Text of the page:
G. Crompton, referred to the listing of Oyster-catcher species in a New
Zealand field guide, and queried the absence of the South Island
Oystercatcher - Haematopus finschi, as well as the use of slang or uncommon
or ambiguous vernacular names, concluding, "Any thoughts on what some of you
might think is a trivial matter?"
Notwithstanding the perhaps unseemly levity of my separate posting, I
certainly do not regard this as a trivial matter. Quite the contrary. And
I wonder if we might have some thoughts from more expert b-aus subscribers
than I, as to the purpose of naming species.
Our ever-informative Wim Vader in discussing G. Crompton's posting has said:
... there is also a big debate going on on what are the correct criteria of
deciding what is a good species, with many people switching from the old
Biological Species Definition to the more modern Phylogenetic Species
Definition. I can pontificate more about this if you want me to; suffice it
for now to say, that the phylogenetic criteria usually allow for 'smaller
species' than the biological criteria.
I would certainly like to hear more from Wim on this, and to get his views
on why we name species.
Schodde and Mason address the latter question in the Introduction to their
Directory of Australian Birds - Passerines, and I wonder if it could be
approved for that Introduction or substantial parts of it to be posted on
b-aus. I surmise that permission from the publisher (CSIRO Publishing)
would be required and further it may exceed our message size-limit. It
would amount to free advertising for this important treatise, so the
publisher might agree. Perhaps our Moderator could comment?
However, I assume short quotes from it to be in order:
The regional forms of Australian birds, equivalent to the Linnaean species
of the last century and the phylogenetic species of today are basal
biodiversity units of Australia's bird fauna. Thus information on their
identification and distribution is crucial for effective conservation of
Australia's bird life nationally.
The current biodiversity unit in use for Australian birds, whether for the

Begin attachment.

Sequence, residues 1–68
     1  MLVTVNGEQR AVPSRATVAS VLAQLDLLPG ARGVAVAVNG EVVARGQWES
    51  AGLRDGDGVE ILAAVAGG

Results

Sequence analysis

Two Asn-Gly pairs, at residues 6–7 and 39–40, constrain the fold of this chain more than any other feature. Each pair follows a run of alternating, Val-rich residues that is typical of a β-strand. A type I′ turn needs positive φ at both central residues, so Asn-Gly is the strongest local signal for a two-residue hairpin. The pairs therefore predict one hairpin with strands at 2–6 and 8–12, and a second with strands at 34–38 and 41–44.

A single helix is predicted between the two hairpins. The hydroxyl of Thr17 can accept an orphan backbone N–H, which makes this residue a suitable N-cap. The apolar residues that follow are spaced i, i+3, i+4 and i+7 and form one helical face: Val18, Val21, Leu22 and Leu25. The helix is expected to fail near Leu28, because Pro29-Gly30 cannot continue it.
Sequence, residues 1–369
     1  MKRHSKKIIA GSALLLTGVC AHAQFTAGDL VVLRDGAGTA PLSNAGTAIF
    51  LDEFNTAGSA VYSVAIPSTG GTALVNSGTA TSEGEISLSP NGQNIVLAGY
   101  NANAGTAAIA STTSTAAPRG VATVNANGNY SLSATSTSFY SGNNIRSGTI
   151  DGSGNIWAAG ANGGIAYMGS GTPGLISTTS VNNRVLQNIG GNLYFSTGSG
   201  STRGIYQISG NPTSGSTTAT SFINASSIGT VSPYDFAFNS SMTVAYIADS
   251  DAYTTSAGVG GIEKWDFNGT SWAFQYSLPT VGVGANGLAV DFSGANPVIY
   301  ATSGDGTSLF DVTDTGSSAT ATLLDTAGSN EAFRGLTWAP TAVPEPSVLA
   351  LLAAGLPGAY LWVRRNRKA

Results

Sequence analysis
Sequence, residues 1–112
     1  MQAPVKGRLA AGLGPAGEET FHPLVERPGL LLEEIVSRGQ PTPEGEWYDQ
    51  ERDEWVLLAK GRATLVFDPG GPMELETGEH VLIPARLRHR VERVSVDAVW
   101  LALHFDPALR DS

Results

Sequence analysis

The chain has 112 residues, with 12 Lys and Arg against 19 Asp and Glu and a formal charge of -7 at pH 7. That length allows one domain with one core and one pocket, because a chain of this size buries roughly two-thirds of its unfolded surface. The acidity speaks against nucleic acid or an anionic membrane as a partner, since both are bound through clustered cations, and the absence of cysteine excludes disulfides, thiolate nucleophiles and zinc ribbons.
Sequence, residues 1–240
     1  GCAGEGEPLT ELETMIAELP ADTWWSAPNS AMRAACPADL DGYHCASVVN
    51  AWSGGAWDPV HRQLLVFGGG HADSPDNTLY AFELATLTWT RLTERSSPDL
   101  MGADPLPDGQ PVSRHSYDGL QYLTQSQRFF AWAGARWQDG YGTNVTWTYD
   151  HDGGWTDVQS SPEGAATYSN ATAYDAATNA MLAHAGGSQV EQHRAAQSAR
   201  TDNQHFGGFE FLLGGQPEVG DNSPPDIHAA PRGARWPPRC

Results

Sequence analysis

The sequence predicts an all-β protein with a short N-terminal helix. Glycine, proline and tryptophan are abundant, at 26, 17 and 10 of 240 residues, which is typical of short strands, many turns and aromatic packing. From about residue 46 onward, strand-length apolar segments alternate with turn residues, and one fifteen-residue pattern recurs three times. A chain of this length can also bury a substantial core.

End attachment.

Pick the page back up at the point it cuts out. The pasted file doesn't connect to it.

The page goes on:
biologist, the conservation manager, the bird watcher or the man in the
street, is the 'species'.
One really needs to read the whole Introduction, but it seems clear to me
that the authors see the prime purpose of taxonomic classification as
providing the basis for biodiversity conservation. I hope that Wim does
pontificate further on the old Biological Species Definition vis a vis the
more modern Phylogenetic Species Definition.
Schodde and Mason consider that the 'biological species' per se is not
doing, and indeed, cannot do, the job of identifying biodiversity units in
the Australian bird fauna at the base-line level required for the inventory
So why not simply adopt phylogenetic species? I hope I'm not exceeding
what's reasonable, with a final rather long quote:
Because diagnosing traits can be refined to levels that pick out minor local
populations, and even molecular sequences inaccessible to field workers, the
PSC is open to varying interpretation in practice and has yet to be adopted
by the more authoritative continental or global manuals and checklists of
birds. It would also bring a degree of chaos to conventional classification
of the Australian avifauna. This comes not so much from a dearth of robust
phylogenies as from its effect in raising most present subspecies to the
level of species, almost doubling the size of of the fauna at species level.
And all 'species' would have to be re-circumscribed according to new
criteria. Administrative consequences in government and the legislature as
well as biology, would be daunting. So we prefer to keep to the
well-established biological species concept as the base for classification.
As is now becoming clear, no one definition of species satisfies all needs.
"... no one definition of species satisfies all needs." So it depends on
the purpose for which you are using the species names. Comments, please.
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